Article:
One of my favorite memories from Egypt was the two days and one night we spent in the White Desert with the endless starry sky, surreal white rock formations, and sand dunes glowing in the sunlight.  I’ve wanted to go back for over a decade and Oman finally offered a chance to visit a desert, albeit a different one, but a desert still.  Unlike Egypt where we hired a Jeep for dune driving and slept in a tent, Oman has infrastructure like luxury desert camps with private cabins, electricity, running water, and all-you-can-eat buffets.  If back in 2011, I thought that hiring a teenage boy named Mustafa to set up our tent, cook, and clean for us was glamping, then I was in for a big surprise at the Sama al Wasil Desert Camp.

Sama al Wasil camp advertises itself as an eco-friendly lodge located in the heart of Sharqiya Sands. The camp consists of chalets, each boasting a bedroom, bathroom, and a roomy patio, and plenty of communal areas such as a large gazebo with floor rugs and cushions for relaxation, a restaurant, and even an outdoor movie theater.  But the reason to come to camp is what’s outside the campgrounds - towering sand dunes, endless stretches of desert, gorgeous sunrises and sunsets, and stunning landscapes as far as the eye can see.

We decided to stay two nights.  Checking in at 2 pm and leaving at 11 am the next morning just didn’t feel like enough time to explore the desert and my biggest regret from Egypt was not booking a longer tour.  We also saw a range of activities offered on the website, from dune bashing and quad biking to camel riding, and decided that we needed enough time to do everything.  But more about that later.

The camp is located about 15 km from the nearest town, down a mostly straight sand road in a desert valley lying between two massive dune ranges.  We were told not to attempt this drive on our own, so we paid for a transfer.  A 4x4 Jeep came to pick us up at a gas station on the edge of town where we left our rental car in the shade for the next two nights.  It seemed like an easy drive, roaring down the sand road and bouncing on minor sand slopes, but probably would have been nerve-wracking to attempt this drive in a small 2x2 sedan, lacking prior experience of driving in a desert with no phone reception and spotty GPS.  With an experienced driver behind the wheel, his Bedouin scarf constantly unraveling from gusts of wind blowing through the open window, I was able to relax, enjoy the speed, and spot a few camels along the way.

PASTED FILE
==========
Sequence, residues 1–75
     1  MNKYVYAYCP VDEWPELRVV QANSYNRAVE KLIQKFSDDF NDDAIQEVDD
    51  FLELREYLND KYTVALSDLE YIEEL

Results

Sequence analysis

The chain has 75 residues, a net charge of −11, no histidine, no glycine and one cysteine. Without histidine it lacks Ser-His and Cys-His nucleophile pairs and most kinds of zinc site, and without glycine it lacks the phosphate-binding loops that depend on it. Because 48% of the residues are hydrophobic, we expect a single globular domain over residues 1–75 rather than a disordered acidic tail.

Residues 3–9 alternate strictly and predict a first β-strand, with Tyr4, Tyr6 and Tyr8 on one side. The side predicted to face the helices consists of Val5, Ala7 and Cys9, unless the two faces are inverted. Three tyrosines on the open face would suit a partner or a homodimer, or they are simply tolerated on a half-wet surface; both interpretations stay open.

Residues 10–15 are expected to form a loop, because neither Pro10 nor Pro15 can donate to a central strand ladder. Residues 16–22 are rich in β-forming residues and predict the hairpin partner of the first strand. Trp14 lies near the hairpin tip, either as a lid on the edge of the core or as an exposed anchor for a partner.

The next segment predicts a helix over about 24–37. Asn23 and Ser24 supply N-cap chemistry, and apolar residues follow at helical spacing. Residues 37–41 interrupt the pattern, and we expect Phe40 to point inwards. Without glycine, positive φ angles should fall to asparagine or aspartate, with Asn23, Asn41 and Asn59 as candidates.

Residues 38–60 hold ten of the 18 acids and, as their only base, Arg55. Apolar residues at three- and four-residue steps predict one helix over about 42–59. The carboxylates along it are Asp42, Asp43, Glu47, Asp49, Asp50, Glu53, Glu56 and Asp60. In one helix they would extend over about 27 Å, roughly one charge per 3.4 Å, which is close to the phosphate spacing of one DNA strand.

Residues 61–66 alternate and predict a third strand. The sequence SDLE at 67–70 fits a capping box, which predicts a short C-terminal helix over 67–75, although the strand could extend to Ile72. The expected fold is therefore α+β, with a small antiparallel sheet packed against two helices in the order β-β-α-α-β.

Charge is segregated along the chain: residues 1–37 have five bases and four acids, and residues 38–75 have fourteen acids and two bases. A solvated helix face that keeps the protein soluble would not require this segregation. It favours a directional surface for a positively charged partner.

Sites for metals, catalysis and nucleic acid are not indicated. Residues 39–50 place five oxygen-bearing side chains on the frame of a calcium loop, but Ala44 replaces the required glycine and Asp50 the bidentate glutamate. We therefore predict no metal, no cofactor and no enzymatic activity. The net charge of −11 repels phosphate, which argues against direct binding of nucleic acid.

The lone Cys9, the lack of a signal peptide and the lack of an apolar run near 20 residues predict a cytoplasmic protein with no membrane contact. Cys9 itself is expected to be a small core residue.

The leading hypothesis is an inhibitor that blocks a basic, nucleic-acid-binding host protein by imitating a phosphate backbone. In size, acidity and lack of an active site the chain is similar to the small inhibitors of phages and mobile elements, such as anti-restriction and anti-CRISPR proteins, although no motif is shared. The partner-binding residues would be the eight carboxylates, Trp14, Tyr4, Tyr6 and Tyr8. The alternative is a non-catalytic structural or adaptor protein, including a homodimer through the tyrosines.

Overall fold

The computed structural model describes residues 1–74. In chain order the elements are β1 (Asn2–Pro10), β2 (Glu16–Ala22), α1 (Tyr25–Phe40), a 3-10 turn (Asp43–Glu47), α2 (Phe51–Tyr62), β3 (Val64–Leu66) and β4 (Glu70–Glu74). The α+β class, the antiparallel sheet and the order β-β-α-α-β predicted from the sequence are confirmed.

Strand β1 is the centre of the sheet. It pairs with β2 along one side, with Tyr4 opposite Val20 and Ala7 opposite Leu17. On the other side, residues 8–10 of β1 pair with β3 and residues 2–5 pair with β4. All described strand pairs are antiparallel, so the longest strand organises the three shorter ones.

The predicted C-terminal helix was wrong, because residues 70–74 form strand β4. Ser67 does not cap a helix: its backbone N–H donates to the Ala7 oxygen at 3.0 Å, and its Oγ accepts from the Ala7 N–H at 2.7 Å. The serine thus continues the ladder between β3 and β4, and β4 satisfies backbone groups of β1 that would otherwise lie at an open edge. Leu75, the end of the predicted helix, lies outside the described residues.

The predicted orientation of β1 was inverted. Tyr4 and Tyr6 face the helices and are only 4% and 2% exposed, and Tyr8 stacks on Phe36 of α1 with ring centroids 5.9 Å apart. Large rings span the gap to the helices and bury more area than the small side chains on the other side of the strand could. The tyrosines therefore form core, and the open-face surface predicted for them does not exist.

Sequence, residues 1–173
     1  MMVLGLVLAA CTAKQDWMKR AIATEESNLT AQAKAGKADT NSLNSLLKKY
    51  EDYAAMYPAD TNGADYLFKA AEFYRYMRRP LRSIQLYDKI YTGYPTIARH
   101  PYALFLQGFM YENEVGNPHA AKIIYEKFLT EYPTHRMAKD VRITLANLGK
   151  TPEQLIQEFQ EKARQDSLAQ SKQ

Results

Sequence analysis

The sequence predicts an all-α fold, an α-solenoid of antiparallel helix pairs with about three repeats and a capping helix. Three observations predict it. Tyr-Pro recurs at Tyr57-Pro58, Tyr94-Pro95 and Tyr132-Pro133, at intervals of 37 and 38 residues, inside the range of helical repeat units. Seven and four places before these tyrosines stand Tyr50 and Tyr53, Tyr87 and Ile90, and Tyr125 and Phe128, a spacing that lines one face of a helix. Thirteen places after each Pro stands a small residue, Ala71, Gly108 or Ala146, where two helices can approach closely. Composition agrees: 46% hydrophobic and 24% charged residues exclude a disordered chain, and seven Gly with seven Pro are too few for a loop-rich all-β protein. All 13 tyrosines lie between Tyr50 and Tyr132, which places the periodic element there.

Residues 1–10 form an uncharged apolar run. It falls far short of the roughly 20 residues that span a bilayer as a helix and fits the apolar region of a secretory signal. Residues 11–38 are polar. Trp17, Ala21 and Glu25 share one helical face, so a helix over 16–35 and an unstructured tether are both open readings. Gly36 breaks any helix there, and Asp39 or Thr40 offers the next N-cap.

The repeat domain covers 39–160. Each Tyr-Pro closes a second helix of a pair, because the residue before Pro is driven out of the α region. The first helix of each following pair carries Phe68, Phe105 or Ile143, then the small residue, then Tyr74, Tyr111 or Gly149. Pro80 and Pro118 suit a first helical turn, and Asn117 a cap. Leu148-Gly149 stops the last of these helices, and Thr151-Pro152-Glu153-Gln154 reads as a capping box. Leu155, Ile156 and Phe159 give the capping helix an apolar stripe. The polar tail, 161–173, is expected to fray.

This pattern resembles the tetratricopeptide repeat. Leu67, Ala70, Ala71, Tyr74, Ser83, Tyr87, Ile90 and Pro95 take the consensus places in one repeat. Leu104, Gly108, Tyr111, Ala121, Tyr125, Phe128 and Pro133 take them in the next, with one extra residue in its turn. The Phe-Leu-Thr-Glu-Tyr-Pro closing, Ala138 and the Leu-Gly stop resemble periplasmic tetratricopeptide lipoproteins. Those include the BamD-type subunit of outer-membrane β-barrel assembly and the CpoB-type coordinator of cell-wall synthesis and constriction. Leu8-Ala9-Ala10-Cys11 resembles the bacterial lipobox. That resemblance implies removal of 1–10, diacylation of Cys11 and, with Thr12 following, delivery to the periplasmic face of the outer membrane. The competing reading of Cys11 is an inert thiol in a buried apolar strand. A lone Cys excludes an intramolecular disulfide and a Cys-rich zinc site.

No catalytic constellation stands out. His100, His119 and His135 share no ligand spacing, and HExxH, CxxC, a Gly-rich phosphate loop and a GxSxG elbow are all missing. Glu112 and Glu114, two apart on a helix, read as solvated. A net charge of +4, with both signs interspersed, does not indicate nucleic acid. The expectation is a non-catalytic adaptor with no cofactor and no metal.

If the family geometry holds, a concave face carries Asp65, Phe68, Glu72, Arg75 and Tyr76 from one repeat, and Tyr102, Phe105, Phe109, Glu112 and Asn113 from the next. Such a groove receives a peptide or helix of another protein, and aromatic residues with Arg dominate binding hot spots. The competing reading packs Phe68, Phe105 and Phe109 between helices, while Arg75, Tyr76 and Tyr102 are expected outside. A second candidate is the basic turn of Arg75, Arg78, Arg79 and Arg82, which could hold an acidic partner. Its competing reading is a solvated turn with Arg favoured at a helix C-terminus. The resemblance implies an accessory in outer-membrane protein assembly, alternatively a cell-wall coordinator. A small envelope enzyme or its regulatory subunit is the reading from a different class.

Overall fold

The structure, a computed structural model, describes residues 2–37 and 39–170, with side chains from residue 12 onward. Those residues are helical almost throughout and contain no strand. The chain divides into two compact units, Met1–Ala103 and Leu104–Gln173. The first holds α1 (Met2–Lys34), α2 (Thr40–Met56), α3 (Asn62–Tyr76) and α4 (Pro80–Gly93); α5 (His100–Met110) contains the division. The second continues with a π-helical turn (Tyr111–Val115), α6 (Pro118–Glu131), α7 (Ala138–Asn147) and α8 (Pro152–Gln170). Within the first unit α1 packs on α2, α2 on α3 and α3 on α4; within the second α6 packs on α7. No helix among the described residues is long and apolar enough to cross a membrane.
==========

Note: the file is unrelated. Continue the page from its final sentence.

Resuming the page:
At the camp, we were warmly welcomed with small cups of hot coffee and a traditional plate of dates before being shown to our chalet.  It was one of the nicer rooms we had in all of Oman, but we barely spent any time in it, dropping off our bags and immediately leaving to explore the desert around us.  The camp was located right against a large sand dune, with a long rope dangling down its steep side to assist climbers with their ascent.  As we started climbing up the dune, I realized that a few hours ago I made a terrible mistake.

We didn’t bring all of our clothes with us to the camp, leaving some unneeded items in our rental car, now parked in town.  For whatever reason in the rush to pack and get into the waiting Jeep, I left my hiking shoes in the car, reasoning that my walking shoes would be just fine for the desert.  I completely failed to account for the fact that the shoes I was wearing, the only shoes I brought with me, had tiny star-shaped holes all over the leather.  And now, with every step, my feet sunk into the side of the dune and my shoes rapidly filled with fine sand, making it impossible to keep walking.  In general, these shoes were really cute.  In the desert, they were a death trap.  Not even a quarter of the way up, I had to take my shoes off and walk up the rapidly cooling sand barefoot.  Huffing and puffing, I finally made it to the top and found that all of my efforts were completely worth it.